The first place we went to had a driveway blocked by a fancy iron gate, the kind where an ibeam can be retracted horizontally into the forest on the side of the road via a motorized track. We parked the car and walked in via the long driveway, eventually coming upon an enormous house on its own private pond (Bullhead pond). The house was made of top-end stone and featured a glorious octagonal screened-in porch (framed in rough cedar) on its own turret. It put our humble little cabin on Twenty Ninth Pond to shame. As Gretchen pointed out, it was all very top-end and fancy, though it was also somehow æsthetically tasteful. Nobody was there, but we called out anyway, starting with "Hello!" and moving quickly on to "Ramona!"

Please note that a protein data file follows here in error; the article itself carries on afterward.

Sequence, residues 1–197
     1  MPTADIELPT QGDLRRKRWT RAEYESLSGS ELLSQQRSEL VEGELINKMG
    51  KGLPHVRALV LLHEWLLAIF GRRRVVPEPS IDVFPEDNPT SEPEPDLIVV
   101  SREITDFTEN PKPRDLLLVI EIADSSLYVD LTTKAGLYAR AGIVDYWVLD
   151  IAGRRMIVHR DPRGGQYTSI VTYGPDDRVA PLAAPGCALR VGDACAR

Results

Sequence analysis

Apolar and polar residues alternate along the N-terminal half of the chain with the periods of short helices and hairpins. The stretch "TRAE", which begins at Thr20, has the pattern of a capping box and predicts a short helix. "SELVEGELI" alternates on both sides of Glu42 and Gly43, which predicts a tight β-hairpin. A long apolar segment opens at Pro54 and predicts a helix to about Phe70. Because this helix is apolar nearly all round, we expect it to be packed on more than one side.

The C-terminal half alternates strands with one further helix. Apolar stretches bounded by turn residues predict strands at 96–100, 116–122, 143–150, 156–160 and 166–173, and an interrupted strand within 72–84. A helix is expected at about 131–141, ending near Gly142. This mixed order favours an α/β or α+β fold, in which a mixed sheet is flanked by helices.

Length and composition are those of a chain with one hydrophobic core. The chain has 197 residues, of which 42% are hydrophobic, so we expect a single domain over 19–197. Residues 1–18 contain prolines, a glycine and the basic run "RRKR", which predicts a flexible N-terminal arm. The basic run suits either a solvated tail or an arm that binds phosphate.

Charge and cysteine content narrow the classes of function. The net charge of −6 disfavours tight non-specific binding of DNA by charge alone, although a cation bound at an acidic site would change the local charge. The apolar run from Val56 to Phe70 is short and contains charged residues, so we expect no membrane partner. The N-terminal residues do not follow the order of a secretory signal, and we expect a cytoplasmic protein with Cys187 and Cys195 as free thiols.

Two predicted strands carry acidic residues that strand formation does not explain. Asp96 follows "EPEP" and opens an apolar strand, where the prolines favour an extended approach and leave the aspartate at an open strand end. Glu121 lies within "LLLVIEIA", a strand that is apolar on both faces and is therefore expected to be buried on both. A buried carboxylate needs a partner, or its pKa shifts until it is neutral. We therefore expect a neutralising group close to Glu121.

After marveling for a bit and then giving up on Ramona being there, we continued to the next place (across 28N), which was smaller, very tasteful, but lacking a lake. Nobody was there either and Ramona didn't come out of the bush when called. The last house we visited belonged to a family called the Magees, and it looked a little more like the sort of place one would expect to find in the hardscrabble backwoods of the Adirondacks. For starters, the access road was made entirely of orange dirt (no gravel) and there was a truck equipped with a snowplow and at least one very flat tire. The house itself was decorated with a seasonal flag sporting shamrock, and the trees had been cleared away from the house in way that suggested they were completely unwanted. Nobody was there and calling for Ramona proved as fruitless as we expected.